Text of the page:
Friday, 3 October 2014

Cleaning Up Ebola?

The Ebola episode in Dallas came up with an oddball story.  The local authorities got real nervous about the apartment of this guy, and they wanted a clean-up crew to come in and do a clearing/sanitizing of the place.  So they called up the normal folks.  The minute that Ebola was mentioned......NO-GO.  Over and over.

No one wanted to sign up and do the job.

So they branched out and eventually found someone who agreed to take the job.  The cost?  I'm not sure.  The journalists didn't reporting the episode didn't want to broach that question apparently, and I'd take a guess that it was double the normal hazmat rate.

I looked up the annual hazmat employee rate.  It starts out around $18 an hour now, for a guy who is certified and capable.  The US Bureau of Labor even says that a regular guy in this profession now can clear $37,590 a year.  For Ebola?  Well....there is no certification for it (not yet anyway).

I'm guessing this will open up big and bold new opportunities for various folks.  Find some hazmat professional up a fake-Ebola training program....and then hire your team out for $60 an hour per individual.

Cleaning a meth houses now costs between $3,000 and $25,000.....depending on how bad the situation is.  Cleaning an Ebola apartment?  I would imagine starting cost ought to run a minimum of $10,000, for what amounts to an entire day by two guys in suits and using a ton of sanitizing chemical stuff.  An airplane?  Man, that might run up to $50,000 easily.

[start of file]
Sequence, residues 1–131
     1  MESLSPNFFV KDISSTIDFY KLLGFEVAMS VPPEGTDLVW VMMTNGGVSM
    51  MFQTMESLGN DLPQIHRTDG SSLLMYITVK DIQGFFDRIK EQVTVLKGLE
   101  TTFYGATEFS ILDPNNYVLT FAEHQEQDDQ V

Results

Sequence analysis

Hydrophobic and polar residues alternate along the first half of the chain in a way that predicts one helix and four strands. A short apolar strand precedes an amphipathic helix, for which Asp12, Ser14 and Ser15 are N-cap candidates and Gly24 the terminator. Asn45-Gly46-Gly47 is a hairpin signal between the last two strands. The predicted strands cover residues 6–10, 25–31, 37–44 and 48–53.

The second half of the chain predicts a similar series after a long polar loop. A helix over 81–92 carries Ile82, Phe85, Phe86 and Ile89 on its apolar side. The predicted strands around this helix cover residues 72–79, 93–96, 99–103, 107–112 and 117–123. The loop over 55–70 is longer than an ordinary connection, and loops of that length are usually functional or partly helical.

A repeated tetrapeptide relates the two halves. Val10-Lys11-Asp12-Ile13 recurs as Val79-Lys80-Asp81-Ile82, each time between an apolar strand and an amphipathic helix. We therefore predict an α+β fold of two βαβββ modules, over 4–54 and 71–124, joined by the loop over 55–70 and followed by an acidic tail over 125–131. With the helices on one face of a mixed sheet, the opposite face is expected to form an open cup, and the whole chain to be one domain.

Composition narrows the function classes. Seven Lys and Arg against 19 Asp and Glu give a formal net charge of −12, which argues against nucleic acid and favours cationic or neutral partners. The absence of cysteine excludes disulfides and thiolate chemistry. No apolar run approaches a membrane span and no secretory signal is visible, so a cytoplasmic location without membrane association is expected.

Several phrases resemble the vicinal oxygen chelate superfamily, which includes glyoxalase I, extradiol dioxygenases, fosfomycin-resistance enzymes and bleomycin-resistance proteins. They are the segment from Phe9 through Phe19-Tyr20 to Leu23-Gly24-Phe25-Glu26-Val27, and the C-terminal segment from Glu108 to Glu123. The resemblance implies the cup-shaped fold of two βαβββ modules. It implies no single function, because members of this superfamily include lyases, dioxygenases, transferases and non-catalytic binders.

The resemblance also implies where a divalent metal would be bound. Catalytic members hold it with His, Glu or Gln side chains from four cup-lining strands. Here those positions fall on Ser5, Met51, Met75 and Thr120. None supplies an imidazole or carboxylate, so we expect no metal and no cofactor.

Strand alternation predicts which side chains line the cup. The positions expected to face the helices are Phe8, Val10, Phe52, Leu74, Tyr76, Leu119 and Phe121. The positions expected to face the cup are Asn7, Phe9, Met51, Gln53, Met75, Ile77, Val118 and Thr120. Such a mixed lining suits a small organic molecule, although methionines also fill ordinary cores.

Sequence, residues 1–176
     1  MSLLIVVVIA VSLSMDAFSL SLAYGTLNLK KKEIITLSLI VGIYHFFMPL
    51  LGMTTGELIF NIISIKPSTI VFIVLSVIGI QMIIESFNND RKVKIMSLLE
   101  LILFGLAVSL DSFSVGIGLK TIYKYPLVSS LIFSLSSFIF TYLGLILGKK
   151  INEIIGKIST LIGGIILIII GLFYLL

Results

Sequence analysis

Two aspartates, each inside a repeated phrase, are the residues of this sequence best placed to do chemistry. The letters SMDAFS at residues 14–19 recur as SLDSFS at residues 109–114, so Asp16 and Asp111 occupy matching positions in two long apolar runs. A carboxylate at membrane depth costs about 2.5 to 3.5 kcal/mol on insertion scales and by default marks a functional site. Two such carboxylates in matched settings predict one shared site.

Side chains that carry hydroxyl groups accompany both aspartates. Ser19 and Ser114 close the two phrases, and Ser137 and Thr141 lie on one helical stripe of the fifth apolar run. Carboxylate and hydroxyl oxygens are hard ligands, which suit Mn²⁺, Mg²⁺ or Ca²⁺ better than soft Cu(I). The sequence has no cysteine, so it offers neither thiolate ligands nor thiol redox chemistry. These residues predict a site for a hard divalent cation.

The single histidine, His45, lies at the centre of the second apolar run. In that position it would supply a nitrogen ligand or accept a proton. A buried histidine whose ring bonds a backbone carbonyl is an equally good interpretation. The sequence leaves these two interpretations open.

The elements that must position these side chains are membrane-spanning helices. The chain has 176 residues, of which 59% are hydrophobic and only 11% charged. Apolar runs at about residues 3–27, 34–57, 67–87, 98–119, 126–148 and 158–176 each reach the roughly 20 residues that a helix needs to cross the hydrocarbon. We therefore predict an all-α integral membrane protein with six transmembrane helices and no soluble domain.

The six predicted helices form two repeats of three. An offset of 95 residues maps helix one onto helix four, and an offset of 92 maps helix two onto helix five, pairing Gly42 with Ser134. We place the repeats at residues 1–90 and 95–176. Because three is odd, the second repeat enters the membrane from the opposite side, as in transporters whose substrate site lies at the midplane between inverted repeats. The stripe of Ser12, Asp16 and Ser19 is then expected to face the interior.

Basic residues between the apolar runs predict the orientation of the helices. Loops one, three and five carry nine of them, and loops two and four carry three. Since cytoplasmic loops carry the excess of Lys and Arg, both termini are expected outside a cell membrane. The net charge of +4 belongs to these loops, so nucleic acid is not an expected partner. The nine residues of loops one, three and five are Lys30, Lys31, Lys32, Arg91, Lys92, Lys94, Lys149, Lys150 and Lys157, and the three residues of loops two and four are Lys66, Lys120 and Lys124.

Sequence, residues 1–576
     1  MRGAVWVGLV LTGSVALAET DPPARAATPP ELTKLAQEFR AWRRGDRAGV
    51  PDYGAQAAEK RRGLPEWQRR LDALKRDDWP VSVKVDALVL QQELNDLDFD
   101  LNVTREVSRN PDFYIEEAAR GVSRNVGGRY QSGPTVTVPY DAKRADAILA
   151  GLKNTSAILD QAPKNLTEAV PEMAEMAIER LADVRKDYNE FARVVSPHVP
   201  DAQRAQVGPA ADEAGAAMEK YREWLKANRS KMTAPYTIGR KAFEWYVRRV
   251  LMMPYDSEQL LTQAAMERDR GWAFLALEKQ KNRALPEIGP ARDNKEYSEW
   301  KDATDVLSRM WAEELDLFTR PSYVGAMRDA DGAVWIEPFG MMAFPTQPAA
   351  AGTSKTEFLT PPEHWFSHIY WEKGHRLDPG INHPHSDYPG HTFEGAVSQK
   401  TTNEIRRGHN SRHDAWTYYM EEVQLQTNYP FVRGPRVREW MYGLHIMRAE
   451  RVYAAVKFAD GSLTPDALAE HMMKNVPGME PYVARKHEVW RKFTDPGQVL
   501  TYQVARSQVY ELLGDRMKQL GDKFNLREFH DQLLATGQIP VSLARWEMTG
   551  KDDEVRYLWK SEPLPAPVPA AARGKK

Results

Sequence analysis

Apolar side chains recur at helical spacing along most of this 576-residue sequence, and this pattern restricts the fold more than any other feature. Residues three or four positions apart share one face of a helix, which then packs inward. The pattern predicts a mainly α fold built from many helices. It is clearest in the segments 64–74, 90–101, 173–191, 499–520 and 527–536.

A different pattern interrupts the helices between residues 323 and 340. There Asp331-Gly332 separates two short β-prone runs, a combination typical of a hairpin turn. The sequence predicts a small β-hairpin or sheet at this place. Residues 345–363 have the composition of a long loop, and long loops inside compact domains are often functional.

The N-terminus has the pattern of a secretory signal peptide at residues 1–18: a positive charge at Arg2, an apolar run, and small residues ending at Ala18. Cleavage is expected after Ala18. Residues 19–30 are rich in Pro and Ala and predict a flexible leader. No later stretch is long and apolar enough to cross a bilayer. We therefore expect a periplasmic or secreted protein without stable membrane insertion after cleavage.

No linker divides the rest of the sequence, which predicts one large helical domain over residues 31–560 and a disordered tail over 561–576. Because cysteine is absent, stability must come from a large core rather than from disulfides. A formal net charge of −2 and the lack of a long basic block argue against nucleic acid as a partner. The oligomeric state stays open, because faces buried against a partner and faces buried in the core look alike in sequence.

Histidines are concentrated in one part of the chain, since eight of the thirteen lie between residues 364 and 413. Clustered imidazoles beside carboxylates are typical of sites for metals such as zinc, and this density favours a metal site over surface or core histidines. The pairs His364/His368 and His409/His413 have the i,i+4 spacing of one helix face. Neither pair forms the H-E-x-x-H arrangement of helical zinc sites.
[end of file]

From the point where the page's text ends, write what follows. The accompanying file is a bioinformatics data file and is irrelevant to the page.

Somewhere out there.....there's this guy talking to his cousin down in Natchez, Mississippi, and discussing this business venture (Ebola-Clean), and how to make money off the government or local folks.

I finished a book recently on the London Plague of 1665/66.  Typically.....when the plague got into your house.....everyone in the place was a 'goner' in a matter of a week.  Typically, the door was closed and no one ever entered.  The house just wasn't used again.  No one ever profited off the plague except those who sold fake remedies or pretended to care for folks.

It'll be curious to see just how quick the hazmat companies react, and how many new companies pop up to take on the job.

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